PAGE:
The beats on this album are made by a collection of approximately fifteen no-name producers, and it shows. None of these beats are notable; at best they serve as a fitting background to the Game’s charisma and ferocity. They range from secondary background sounds that compliment The Game’s ferocious style, to run-of-the-mill trap beats you would hear in any stereotypical radio rap. In which case, the beats are basically nothing but a loud bass and minimal use of any other instruments. The plethora of features looks solid on paper but ends up being very disappointing. On “*** Yo Feelings” The Game wastes an opportunity to have a back-and-forth with probably the most solid featured artist in Game’s discography: Lil Wayne. Game’s macho style and Lil Wayne’s witty style mesh perfectly in the tracks they have rapped in together in the past, such as “Lyrical Homicide”. Yet on Year of the Wolf
Lil Wayne is wasted and just shows up to sing an obnoxiously repetitive hook “*** yo feelings, nigga *** yo feelings, nigga fukk yo feelings [x100]”. Tyga is featured twice in the trilogy of terror and doesn’t help or hurt the songs at all, he is just there wasting space. 2 Chainz and Soulja Boy suck it up as usual, but even T.I. is lackluster. The rest of the features are mainly wack singers and their names will not be discussed as they are not worth the effort it takes to move my fingers to do so. The only feature worth a *** (and that goes for singers, rappers and producers) is Dubb, who is solid on all accounts during his multiple appearances, a full bred wolf.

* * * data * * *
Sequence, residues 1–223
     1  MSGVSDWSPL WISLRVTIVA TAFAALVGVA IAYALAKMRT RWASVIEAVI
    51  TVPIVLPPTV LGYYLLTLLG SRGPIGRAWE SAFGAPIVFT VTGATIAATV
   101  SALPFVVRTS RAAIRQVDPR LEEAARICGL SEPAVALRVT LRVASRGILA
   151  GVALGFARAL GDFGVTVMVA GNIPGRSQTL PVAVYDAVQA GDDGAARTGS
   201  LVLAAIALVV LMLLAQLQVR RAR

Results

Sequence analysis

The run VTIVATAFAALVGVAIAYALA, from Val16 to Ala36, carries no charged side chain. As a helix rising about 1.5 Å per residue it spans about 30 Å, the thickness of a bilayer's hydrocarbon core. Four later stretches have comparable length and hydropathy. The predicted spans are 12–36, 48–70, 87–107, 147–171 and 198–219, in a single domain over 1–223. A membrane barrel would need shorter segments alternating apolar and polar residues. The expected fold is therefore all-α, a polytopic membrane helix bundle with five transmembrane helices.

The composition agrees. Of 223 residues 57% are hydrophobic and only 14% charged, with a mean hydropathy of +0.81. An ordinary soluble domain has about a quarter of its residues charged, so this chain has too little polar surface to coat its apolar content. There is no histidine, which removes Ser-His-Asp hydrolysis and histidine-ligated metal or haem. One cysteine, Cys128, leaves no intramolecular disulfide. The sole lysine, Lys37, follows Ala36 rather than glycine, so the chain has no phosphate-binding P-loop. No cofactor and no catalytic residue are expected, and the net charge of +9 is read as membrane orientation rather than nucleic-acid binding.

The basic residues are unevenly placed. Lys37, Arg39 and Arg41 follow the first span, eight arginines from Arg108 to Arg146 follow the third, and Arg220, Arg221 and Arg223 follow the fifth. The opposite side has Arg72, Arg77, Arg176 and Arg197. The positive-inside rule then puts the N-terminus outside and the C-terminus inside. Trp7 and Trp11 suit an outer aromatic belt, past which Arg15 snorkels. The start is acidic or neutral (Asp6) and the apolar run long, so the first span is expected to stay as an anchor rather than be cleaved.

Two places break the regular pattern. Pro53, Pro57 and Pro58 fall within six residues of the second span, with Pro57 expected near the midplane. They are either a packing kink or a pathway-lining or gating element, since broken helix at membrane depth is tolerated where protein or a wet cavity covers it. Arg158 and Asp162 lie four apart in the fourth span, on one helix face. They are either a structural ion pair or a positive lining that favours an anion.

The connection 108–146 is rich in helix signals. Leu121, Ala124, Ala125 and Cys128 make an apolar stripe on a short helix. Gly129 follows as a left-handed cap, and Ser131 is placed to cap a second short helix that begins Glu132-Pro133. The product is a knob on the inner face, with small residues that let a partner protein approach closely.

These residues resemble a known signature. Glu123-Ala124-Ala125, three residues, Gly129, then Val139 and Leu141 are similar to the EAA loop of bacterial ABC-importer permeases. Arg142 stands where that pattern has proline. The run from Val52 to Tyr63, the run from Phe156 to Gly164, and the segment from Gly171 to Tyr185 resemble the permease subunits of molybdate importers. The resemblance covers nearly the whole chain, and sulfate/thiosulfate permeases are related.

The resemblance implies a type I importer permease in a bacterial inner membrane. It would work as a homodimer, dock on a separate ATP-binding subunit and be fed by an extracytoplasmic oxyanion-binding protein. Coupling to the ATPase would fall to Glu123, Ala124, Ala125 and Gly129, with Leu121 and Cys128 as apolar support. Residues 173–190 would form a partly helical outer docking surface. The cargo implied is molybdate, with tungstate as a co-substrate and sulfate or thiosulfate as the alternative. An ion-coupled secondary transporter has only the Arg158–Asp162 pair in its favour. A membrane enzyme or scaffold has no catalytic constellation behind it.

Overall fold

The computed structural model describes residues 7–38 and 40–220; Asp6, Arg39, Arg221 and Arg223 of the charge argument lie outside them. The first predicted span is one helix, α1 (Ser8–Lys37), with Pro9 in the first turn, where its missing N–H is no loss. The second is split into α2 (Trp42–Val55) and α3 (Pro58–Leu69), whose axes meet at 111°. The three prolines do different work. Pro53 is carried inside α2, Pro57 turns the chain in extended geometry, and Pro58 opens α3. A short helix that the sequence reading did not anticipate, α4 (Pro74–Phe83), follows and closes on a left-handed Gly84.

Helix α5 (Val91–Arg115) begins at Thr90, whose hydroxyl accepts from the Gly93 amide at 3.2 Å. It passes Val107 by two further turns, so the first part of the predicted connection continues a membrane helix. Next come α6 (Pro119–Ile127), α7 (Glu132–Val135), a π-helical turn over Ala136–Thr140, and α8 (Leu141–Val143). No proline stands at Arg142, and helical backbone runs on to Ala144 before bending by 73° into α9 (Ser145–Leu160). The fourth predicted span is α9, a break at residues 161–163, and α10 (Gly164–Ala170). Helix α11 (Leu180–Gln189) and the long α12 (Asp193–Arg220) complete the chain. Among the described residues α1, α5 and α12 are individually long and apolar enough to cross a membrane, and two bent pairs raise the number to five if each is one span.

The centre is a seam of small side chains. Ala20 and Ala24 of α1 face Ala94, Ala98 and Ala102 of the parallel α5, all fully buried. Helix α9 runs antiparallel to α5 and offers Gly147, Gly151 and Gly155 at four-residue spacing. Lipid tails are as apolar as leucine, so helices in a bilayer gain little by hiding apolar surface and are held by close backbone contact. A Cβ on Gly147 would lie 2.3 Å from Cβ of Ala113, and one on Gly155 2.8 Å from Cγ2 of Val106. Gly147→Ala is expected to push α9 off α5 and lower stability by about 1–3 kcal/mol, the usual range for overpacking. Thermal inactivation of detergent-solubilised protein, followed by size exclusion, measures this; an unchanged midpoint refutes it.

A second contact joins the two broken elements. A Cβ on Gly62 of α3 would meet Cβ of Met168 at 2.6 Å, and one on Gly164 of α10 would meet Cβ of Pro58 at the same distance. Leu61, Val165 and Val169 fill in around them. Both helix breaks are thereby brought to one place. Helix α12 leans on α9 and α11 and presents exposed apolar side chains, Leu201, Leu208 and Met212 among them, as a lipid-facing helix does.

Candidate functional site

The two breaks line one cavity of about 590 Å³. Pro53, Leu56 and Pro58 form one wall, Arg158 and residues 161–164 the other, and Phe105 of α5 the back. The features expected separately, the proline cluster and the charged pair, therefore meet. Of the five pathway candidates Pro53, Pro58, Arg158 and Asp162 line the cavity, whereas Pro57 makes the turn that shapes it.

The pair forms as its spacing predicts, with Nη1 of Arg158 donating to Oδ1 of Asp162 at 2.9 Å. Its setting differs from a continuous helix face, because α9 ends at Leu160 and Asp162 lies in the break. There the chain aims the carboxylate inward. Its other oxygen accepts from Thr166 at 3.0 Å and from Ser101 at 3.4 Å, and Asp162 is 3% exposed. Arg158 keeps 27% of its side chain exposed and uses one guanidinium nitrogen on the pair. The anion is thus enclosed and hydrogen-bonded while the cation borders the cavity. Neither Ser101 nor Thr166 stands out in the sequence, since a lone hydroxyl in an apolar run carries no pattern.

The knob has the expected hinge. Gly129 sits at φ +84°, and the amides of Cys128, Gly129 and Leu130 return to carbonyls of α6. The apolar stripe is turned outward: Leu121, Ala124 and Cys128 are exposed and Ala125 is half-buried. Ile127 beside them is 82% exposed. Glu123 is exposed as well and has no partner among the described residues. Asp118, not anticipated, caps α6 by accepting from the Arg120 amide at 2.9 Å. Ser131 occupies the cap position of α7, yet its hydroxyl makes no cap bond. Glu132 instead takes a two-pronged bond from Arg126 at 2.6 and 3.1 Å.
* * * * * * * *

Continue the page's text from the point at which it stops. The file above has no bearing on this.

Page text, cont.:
When this album starts with “Bigger Than Me” the listener is shocked by The Game’s wit and has the feeling a MLB pitcher might get after a first inning shutout: “this could be perfect”. That candle of hope doesn’t die out entirely until track four, and it isn’t until the tracks 10-12 that an industrial size fire extinguisher is emptied on the candle before it is tossed into the Arctic Ocean. The Game says he is sick of “weak ass lyrics, cryin on the hook, thinkin we gon feel it” on the first track, but the rest of the album ironically shows he is precisely the opposite. He has progressively made this singy style of rap a bigger part of each of his albums since his third album L.A.X.
. His reluctance to rely on his own vocals for hooks, or do without hooks entirely, has destroyed his career that was once nearly as promising as mainstream rap has ever seen. After producing three superb albums, The Game seems like he is in no shape to do so ever again unless he stops associating with terrible pop artists and wack rappers. Game’s talent is still present, he is just wasting it making albums with half frivolous music and half real rap. He loves hardcore hip hop, but more people were feeling his radio raps and he followed the money. He went from "Game Time!" to "that time of the month".